VOL. 122 | NO. 172 | Wednesday, September 12, 2007
Arizona company taps into aerotropolis buzz near Memphis International
What's in a name?
Funding for the State Children's Health Insurance Program (SCHIP) - known in Tennessee as CoverKids - is set to expire Sept. 30.
Nursing professor Diana Baker has been named Baptist Memorial Health Care Corp.'s new coordinator for nursing research. Baker is the first person to hold the position. She has been in nursing for more than 40 years and most recently served on the faculty of the Baptist College of Health Sciences.
A period of self-examination often accompanies the prospect of changing jobs, however frightening or thrilling - or a little of both - the opportunity seems. And it isn't difficult to imagine what might have run through the mind of architect Michael Walker when he recently left his job at the firm JBHM Architects.
The two big plywood boxes with lights in City Council chambers that have shown council votes for nearly 20 years are gone. The "tote boards" have been replaced by flat screens that show and announce the council votes as they are recorded automatically in council records.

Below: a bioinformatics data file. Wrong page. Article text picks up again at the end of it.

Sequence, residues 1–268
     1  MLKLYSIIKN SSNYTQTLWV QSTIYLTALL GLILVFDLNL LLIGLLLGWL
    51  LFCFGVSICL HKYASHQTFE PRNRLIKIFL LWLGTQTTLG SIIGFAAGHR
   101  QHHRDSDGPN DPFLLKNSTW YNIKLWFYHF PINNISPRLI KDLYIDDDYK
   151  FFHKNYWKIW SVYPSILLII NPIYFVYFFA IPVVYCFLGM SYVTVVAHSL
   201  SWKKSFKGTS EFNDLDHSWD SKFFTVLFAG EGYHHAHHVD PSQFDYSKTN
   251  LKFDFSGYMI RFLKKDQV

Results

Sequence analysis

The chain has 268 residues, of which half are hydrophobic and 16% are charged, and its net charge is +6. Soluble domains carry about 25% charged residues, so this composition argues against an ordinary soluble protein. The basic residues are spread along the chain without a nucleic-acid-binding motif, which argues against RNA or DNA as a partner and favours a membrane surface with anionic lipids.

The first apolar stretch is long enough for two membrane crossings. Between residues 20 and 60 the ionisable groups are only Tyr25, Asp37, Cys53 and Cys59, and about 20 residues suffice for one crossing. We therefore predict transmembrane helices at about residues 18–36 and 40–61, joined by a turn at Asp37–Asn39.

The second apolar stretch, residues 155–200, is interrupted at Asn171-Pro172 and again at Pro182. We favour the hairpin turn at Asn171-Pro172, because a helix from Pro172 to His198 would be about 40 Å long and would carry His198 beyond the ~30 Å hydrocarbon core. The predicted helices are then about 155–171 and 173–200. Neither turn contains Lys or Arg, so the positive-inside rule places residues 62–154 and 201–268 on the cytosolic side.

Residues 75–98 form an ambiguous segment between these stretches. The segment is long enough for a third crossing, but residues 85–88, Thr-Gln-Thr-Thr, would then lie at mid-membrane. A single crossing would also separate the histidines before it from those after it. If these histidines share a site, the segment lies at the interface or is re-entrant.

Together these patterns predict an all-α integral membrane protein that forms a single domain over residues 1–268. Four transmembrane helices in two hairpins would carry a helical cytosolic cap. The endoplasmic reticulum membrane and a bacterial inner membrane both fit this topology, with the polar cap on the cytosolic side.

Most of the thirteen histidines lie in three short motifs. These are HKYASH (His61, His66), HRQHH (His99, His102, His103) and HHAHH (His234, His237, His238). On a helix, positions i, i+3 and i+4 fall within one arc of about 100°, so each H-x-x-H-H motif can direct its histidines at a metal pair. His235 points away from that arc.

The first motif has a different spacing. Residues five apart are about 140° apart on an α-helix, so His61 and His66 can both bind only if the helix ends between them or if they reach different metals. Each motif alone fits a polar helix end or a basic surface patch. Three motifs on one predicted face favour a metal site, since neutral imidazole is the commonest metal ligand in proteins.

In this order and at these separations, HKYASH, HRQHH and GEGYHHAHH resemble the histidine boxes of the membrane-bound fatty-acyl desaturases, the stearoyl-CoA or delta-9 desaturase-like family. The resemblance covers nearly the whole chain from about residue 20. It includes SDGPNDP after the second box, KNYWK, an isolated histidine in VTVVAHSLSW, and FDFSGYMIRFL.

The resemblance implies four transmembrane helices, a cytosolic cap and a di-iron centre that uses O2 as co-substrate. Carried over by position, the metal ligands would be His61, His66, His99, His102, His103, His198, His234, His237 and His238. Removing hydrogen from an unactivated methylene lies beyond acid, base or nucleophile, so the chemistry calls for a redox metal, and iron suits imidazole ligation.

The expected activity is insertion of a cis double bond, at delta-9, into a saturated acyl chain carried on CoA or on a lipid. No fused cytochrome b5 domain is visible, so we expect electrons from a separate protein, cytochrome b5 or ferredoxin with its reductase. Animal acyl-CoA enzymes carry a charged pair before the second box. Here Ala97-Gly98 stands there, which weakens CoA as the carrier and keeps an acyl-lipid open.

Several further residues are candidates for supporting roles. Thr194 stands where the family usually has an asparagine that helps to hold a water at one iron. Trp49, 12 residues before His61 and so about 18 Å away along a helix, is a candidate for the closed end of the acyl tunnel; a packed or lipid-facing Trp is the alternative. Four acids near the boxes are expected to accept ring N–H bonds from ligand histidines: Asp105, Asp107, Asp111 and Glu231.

NEW YORK (Dow Jones/AP) - Wachovia Corp. is grabbing more mortgage business as a result of the recent shakeout in the industry, Chief Executive G. Kennedy Thompson said Monday.
FEDERAL WAY, Wash. (AP) - Weyerhaeuser, one of the world's largest lumber and paper companies, on Monday said it may close plants and cut back its wood products business because of protracted weakness in the housing market.
NEW YORK (AP) - SunTrust Banks Inc. expects the repricing of certain mortgage-related assets to hurt its third-quarter earnings by 20 cents per share, according to a Securities and Exchange Commission filing Tuesday.
NEW YORK (AP) - Defaults among companies with speculative-grade credit are likely to triple over the next year, underscoring the recent weakness in the debt markets, Moody's Investors Service said Tuesday.
As more states and cities struggle to find the money to bail out homeowners caught up in the housing downturn, some Americans are wondering why government should be rewarding people for their greed or irresponsibility.
In these markets, everyone's afraid.
First Horizon National Corp. plans to cut its mortgage sales force by 50 percent, which translates into about 1,500 mortgage positions and about 500 additional positions, the Memphis-based company announced Wednesday. The cuts are expected to happen pretty quickly, said John Daniel, head of employee services for First Horizon/First Tennessee Bank.
Forest Hill cemeteries owner Clayton Smart has the money to hire attorneys to represent him on criminal charges. But he’s not likely to get out of jail any time soon.